Cool car, I restored one years ago for a fellow. Really beautiful car and quite rare. May be too far gone for restoration but resto-mod would save interesting. Parts are extreeeemly hard to find. Very complicated vehicle…plan on $200K for full correct restoration. The air conditioning is behind the back seat! Correct Wilton wool carpet from England is $2500 and took two guys 11 hours to install at the factory back in ’56! Its all little pieces screwed to the floor…I can go on for hours, lol Hey if anyone buys it I will share my list of parts and restoration sources. 734-692-715one

    Like 3
    • JIM SMITH

      Hello, I recently bought a 56 Mark II that I plan to start on soon. Any Resources would be appreciated. Thanks

  8. Maestro1

    Hemidavey has it right. You will certainly be North of $150,000. to get this done right. I would advise passing on this one and finding one with more potential (watch Barn Finds, Bring a Trailer, and other sources) with less grief.

  9. EldoradoMan

    This is a bargain. You could part it out and make good money, which I’d hope wouldn’t happen. These are unique and rare cars and should be restored, at least to driver quality.

    Like 1
  10. Fran

    Funny reading the comments. I guess it’s true, no one lives in New York anymore because with all the rust here in New York that car is a gem.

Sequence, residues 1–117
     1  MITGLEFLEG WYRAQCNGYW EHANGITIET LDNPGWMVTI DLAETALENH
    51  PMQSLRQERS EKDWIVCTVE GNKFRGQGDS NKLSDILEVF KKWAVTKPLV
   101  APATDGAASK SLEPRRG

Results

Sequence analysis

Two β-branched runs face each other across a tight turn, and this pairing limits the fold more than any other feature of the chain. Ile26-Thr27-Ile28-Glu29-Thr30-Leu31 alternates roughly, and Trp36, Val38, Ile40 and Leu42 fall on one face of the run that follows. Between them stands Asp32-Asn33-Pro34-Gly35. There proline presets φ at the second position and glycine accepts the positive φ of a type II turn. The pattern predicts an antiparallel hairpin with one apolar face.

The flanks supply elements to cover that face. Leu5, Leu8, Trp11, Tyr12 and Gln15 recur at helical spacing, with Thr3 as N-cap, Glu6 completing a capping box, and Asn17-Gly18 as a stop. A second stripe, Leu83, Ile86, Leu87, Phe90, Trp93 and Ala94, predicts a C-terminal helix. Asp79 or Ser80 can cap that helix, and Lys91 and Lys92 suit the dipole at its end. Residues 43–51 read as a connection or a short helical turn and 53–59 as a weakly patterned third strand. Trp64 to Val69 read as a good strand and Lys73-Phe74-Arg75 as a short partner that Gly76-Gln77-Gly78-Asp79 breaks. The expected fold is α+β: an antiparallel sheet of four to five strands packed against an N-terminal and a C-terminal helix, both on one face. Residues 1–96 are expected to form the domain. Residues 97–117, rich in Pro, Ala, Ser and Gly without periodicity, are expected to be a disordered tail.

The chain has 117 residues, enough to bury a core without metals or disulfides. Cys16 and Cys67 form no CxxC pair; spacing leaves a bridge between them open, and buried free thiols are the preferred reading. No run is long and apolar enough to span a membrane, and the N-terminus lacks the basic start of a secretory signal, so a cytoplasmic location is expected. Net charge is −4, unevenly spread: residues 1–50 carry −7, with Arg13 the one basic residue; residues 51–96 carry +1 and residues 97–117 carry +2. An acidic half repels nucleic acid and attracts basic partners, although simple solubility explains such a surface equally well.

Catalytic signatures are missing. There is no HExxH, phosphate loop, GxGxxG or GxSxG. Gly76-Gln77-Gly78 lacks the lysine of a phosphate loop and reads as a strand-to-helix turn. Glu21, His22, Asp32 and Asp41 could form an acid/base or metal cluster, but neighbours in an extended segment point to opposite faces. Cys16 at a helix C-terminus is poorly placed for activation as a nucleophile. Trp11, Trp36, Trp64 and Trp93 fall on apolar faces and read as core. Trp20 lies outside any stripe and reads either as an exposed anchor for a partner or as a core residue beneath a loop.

11. Johnmloghry Johnmloghry Member

    I remember the first time I saw one of these, I was just a kid and I thought that sure is a big car, and only a 2 door. I asked my dad (who was a pragmatic personality) said “I wouldn’t have that on the place”. He was a family man and didn’t believe cars should have less than 4 doors. Besides he never paid more than a thousand dollars for a car in his entire life, even though he had sufficient income. I don’t know how I became a car lover, it definitely wasn’t in my genes. I love this car, but like I’ve said before my 64 Buick Riviera is all I can handle at this time.
    God bless America

    Like 1
  12. Bob McK Member

    Could be nice if I had the cash.

  13. skibum2

    Good Luck finding parts for this car… I had a ’56 from the Scripts Foundation, still ran but parts were a nightmare. Sold it for a 1957 XK 140 roadster. Beautiful car but so rare…

  14. Del

    This is toast.

    Maybe not even parts.

    I say its been sitting outside for 40 years

  15. That Guy

    Probably worth the price as a parts car. Otherwise, restomod is really its only hope for survival. It’s way too far gone to be worth restoring.

    • Del

      No its not worth asking price. It has already been parted